Handling the death of a loved one is already a difficult time. Having to handle what comes next can make it even more so. To help you know what needs to be taken care of after your loved one dies, we’ve created an after death checklist.
What to Do Immediately After Someone Dies
Legal Death Pronouncement
The first thing you’ll need to take care of is getting a legal death pronouncement. You’ll need this to get the death certificate and other paperwork later on.
If the deceased died in a hospital or nursing home, the staff at the facility should be able to help you acquire one. If they died at home, you’ll need a medical professional to declare them dead. Call 911 to have them transported to a hospital, where staff will provide the legal pronouncement.
Notify Necessary Parties – Family, Friends, Employer, etc.
You’ll also want to notify anyone who will need to know about your loved one’s death. Make a list of everyone who you need to notify and how you should tell them.
For close family members and friends, you’ll probably want to notify them in person or on the phone. To communicate the news to others who need to know, like friends and other relatives, a text message can be a good choice.
To notify anyone whose number you don’t know or you might not think to call, social media is another way to communicate. This can also help you to spread the message about any funeral or memorial plans.
Remember to contact the deceased’s employers. They’ll need to know right away in order to handle payroll and work tasks. This is also a good time to find out how to acquire any last paychecks and your loved one’s personal belongings.
Make Arrangements for Dependents – Children, Pets, etc.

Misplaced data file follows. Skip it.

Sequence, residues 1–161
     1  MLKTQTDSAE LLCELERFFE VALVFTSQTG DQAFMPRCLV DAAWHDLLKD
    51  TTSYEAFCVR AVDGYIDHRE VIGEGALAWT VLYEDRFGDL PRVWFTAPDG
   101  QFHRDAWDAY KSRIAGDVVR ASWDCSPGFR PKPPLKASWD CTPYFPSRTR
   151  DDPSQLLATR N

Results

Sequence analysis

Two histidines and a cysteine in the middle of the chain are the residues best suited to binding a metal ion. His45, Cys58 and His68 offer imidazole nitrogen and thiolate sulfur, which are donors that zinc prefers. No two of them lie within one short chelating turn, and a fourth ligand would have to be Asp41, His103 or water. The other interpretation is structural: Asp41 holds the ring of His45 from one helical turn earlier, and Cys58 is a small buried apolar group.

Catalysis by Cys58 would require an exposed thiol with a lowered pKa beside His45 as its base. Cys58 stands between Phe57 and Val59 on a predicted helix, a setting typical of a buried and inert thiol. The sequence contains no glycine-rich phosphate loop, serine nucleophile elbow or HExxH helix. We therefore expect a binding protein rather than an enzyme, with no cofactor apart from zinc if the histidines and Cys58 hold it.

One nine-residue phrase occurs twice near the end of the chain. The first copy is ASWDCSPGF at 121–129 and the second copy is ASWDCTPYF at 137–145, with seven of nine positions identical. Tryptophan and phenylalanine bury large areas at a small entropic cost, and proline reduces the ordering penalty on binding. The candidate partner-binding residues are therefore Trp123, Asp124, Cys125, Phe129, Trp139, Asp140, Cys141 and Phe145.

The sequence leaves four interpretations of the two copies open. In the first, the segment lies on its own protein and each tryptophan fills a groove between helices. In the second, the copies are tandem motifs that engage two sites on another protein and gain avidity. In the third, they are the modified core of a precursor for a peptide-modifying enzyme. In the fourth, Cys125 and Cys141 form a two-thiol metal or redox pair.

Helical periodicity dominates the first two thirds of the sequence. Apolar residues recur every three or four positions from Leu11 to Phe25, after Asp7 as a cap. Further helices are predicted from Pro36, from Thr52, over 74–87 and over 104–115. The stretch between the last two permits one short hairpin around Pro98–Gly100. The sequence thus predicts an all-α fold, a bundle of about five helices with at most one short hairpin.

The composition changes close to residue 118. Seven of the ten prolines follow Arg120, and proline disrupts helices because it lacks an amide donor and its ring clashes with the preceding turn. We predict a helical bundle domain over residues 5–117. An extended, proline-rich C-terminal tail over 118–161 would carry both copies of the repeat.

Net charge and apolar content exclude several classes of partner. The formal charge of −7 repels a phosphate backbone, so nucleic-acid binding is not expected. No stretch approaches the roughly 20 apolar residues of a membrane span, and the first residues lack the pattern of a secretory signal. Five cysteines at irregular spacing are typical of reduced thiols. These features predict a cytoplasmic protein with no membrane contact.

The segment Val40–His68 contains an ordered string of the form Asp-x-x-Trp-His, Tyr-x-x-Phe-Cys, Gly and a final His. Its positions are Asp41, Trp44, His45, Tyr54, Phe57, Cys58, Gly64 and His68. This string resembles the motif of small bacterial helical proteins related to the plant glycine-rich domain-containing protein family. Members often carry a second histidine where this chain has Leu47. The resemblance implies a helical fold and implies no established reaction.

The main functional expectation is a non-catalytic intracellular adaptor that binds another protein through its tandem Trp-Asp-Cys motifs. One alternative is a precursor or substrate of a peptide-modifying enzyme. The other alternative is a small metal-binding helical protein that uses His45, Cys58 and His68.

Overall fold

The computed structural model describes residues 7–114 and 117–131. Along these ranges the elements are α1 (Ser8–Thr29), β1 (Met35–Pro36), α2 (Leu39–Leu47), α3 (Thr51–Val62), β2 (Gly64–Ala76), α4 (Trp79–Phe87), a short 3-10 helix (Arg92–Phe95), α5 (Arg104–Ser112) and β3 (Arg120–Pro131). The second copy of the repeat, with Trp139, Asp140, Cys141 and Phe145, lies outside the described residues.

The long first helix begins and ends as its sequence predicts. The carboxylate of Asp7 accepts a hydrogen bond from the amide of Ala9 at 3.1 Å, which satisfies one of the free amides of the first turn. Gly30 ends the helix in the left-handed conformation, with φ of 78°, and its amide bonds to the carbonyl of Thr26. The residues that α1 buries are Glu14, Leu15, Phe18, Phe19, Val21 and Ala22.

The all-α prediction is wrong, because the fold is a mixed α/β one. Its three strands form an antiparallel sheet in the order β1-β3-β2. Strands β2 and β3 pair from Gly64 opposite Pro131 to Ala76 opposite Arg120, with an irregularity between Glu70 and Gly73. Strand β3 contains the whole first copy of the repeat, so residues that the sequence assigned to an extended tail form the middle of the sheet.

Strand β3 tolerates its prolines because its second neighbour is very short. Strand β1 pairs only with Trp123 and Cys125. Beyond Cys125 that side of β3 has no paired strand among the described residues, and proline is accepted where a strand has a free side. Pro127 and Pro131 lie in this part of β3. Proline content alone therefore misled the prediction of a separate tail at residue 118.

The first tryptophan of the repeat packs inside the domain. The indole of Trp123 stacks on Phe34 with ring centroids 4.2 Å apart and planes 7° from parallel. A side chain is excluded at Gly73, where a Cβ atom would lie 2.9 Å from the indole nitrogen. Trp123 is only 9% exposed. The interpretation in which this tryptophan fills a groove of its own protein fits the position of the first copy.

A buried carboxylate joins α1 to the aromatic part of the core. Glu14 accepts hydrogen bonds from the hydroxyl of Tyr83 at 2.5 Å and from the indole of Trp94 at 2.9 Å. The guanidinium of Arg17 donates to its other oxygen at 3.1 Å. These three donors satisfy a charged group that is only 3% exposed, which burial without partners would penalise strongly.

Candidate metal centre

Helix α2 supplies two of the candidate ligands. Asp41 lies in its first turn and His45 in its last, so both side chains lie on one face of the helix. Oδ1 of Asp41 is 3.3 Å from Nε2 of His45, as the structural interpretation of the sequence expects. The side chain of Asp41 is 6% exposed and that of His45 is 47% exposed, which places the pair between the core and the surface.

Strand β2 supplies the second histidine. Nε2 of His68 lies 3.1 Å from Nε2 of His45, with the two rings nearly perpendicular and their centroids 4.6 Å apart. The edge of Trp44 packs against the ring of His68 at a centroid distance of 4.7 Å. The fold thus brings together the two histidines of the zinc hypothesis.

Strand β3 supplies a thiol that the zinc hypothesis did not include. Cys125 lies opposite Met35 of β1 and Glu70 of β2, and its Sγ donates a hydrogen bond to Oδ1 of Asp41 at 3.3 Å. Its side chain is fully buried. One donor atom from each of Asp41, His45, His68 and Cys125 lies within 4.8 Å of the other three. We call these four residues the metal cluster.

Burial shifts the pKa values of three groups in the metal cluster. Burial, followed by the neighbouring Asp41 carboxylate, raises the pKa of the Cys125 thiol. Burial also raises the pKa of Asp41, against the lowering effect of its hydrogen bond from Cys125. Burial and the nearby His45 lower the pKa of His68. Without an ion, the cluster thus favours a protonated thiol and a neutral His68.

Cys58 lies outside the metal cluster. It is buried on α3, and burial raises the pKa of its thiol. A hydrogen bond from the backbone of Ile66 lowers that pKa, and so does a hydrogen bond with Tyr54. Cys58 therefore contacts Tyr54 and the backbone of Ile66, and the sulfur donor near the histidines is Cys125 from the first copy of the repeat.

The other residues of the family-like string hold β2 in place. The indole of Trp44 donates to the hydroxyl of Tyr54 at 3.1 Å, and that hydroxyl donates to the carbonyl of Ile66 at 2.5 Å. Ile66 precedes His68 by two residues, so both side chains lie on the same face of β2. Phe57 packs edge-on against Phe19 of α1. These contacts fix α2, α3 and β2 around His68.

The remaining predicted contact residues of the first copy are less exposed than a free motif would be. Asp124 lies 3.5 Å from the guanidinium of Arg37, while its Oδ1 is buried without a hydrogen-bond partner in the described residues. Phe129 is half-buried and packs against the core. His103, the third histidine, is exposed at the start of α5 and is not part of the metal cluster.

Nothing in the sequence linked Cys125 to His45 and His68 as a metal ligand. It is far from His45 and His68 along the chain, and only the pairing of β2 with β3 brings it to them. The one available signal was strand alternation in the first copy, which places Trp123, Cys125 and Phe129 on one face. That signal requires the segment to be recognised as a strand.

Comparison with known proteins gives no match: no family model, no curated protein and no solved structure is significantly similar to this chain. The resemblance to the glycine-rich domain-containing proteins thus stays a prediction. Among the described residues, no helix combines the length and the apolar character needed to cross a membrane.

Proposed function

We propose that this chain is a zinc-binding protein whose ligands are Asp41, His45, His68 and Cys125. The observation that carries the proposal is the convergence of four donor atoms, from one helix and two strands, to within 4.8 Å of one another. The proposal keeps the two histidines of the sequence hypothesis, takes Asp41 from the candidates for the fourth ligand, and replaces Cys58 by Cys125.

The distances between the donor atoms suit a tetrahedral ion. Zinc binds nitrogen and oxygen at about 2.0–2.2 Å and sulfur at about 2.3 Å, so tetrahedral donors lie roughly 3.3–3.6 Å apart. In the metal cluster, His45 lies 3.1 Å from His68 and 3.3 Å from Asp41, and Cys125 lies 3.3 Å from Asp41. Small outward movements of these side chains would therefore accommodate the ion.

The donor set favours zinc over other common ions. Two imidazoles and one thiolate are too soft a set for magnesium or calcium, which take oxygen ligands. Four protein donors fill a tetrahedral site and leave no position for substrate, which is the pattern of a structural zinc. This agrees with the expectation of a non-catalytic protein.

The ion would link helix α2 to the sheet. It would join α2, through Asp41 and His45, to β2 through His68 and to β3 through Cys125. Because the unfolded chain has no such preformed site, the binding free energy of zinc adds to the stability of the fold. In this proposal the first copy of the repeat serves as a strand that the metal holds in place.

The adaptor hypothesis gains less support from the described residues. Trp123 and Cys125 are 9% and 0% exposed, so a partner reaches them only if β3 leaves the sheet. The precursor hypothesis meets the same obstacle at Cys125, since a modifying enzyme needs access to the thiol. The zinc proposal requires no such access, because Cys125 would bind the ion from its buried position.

If the deceased had any dependents, like pets or children, they need to be taken care of. If there is no other parent in the picture, you’ll need to find out who the deceased named as their children’s guardians.
In the meantime, you’ll need to find someone to look after any dependents while permanent arrangements are being made. For pets, you can look into foster organizations to see if they can help find a temporary placement.
If there are any children, you’ll need someone to look after them while the elected guardian is notified to pick them up.
Find Out If the Deceased Made After-Death Plans – Funeral, Burial, Cremation
You’ll also want to find out if the deceased has already made after-death plans. They might have already made funeral, burial, or cremation arrangements. If not, you’ll want to find out what their funeral desires were so you can start planning.
What to Do Within a Few Days of Death
Find End-of-Life Paperwork
To know what your loved one’s wishes were, you’ll need to find any end-of-life paperwork. This can include their will, funeral desires and arrangements, and any other after-death plans.
Make Memorial or Funeral Arrangements
Once you have the paperwork, you can facilitate the deceased’s funeral plans. If they already have arrangements made, you simply need to contact the necessary parties. If they have a burial plot and funeral plans already made, you just need to contact the funeral home.
If the deceased does not already have funeral service plans in place, find out what their wishes were. They might have specified what kind of arrangements they’d prefer.
Sometimes no prior plans exist. In this case, you and your family need to start making decisions on what will be done.
Keep in mind if the deceased practiced any particular religion. Each religion tends to have specific burial requirements. If you’re unsure about a religion’s practices, ask other family members or your loved one’s religious community.
Secure Assets and Carry Out Other Important Tasks
There are some additional tasks to consider. If the deceased lived alone, make sure the property is locked and remove any valuables to another location. You’ll also want to forward their mail to yourself or another family member. This will help to avoid a break-in. It might also be helpful to ask a neighbor to keep an eye on the property.